NFL Acknowledges Link Between Football and Brain Disease For the First Time

nfl cte brian disease football_0315
Jeff Miller, the NFL's executive vice president of health and safety policy, speaks at a news conference about health and safety in football, in Manhattan on January 30, 2014. On Monday, Miller spoke at a House Energy and Commerce Committee meeting, acknowledging the link between football and brain diseases such as CTE. Andrew Kelly/Reuters

The NFL has acknowledged for the first time that a link exists between football-related head injuries and chronic traumatic encephalopathy (CTE), the degenerative brain disease that has been diagnosed in dozens of former athletes.

The admission came from Jeff Miller, executive vice president of health and safety for the National Football League, during a meeting of the House Energy and Commerce Committee on Monday that focused on concussions occuring in military circumstances, sports and other activities.

When asked by Illinois Representative Jan Schakowsky if there is a link between American football and brain diseases like CTE, Miller said, "The answer to that question is definitely yes."

"I think the broader point, and the one that your question gets to, is what that necessarily means, and where do we go from here with that information," Miller said during the discussion.

Miller said he based his answer on the work of Dr. Ann McKee, a Boston University neuropathologist who has researched CTE in former football players. McKee has posthumously diagnosed CTE in 176 people, including 90 former NFL players. Symptoms of CTE include memory loss, dementia and depression.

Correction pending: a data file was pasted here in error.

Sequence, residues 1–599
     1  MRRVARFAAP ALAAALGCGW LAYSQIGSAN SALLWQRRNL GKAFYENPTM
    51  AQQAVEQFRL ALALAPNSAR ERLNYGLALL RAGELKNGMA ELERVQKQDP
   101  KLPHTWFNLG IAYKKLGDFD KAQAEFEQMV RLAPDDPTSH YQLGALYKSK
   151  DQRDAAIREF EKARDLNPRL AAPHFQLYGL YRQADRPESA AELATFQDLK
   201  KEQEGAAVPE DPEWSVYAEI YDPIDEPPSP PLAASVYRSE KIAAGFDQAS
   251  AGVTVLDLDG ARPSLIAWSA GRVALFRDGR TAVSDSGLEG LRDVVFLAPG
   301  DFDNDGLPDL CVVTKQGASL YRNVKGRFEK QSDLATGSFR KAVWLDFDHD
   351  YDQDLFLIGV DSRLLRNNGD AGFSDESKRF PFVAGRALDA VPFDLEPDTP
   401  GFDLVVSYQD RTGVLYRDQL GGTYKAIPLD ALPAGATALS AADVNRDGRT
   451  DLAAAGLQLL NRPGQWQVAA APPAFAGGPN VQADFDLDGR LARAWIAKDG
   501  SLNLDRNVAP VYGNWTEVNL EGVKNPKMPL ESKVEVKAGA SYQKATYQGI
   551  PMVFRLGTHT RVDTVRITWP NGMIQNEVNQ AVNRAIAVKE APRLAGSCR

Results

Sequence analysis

While NFL officials have previously acknowledged that injuries sustained while playing football, including head trauma and concussion, can lead to long-term health risks, it's believed that Miller's comments represent the first time the NFL has publicly confirmed a direct link between football and brain disorders such as CTE.

Miller's statments arrive a month after news that Ken Stabler, the former Oakland Raiders quarterback and NFL Hall of Famer who died of colon cancer in 2015, suffered from CTE for a number of years. Miller's admission also contradicts claims made earlier this year by Mitch Berger, a neurosurgeon in charge of the NFL's subcommittee on long-term brain injury, who said there was no link between football and CTE.

Other prominent pro football players who have been posthumously diagnosed with CTE include San Diego Chargers linebacker Junior Seau, who committed suicide in 2012; former New York Giants safety Tyler Sash; and Pittsburgh Steelers center Mike Webster.

The NFL did not return Newsweek's request for comment.